64. "64. Upon analysis of the above judgments and in particular the judgment of this Court in the case of Dharnidhar v. State of Uttar Pradesh and Others [(2010) 7 SCC 759], it is clear that Section 34 IPC applies where two or more accused are present and two factors must be established i.e. common intention and participation of the accused in the crime. Section 34IPC moreover, involves vicarious liability and therefore, if the intention is proved but no overt act was committed, the Section can still be invoked. This provision carves out an exception from general law that a person is responsible for his own act, as it provides that a person can also be held vicariously responsible for the act of others, if he had the common intention to commit the act. The phrase 'common intention' means a pre-oriented plan and acting in pursuance to the plan, thus, common intention must exist prior to the commission of the act in a point of time. The common intention to give effect to a particular act may even develop at the spur of moment between a number of persons with reference to the facts of a given case.

65. The ingredients of more than two persons being present, existence of common intention and commission of an overt act stand established in the present case. The statements of the witnesses clearly show that all the eight accused were present at the scene of occurrence. They had demanded money and extended threat of dire consequences, if their demand was not satisfied. Thereafter, they had altercation with the deceased and the deceased was strangulated by the accused persons and then his body was disposed of by cutting it into pieces and packing the same in gunny bags and abandoning the same at a deserted place near the Barrackpore Dum Dum Highway. Thus, all these acts obviously were in furtherance to the common intention of doing away with the deceased, if he failed to give them Rs.40,000/- as demanded. The offence was committed with common intention and collective participation. The various acts were performed by different accused in presence of each one of them. In other words, each of the accused had common intention. Thus, we find that the argument on the application of Section 34 IPC advanced on behalf of the accused is without any substance.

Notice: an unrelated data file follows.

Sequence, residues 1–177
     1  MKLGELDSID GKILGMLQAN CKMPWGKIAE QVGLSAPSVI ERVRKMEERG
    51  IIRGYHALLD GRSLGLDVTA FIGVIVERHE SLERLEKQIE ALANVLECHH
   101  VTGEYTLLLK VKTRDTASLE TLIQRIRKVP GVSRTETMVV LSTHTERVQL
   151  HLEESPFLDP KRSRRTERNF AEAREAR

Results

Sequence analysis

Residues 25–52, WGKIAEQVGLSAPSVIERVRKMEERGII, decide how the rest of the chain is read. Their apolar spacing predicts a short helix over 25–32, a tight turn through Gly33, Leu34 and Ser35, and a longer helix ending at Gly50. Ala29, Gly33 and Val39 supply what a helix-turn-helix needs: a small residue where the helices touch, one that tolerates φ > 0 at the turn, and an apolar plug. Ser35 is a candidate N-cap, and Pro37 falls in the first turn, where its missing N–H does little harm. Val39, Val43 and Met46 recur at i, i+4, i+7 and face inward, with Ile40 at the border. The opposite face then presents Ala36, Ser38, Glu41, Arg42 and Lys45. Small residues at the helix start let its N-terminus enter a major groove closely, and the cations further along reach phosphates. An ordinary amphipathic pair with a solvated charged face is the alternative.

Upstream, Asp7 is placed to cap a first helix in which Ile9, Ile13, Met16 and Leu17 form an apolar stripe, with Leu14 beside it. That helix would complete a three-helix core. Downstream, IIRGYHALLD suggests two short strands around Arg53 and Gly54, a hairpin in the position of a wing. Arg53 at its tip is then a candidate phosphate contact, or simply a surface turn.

66. For the reasons afore-stated, we see no reason to interfere with the judgment of the High Court either on merits or on the quantum of sentence. Therefore, the appeals are dismissed.

..................................J. (A.K. Patnaik)

..................................J. (Swatanter Kumar)

New Delhi,

July 11, 2012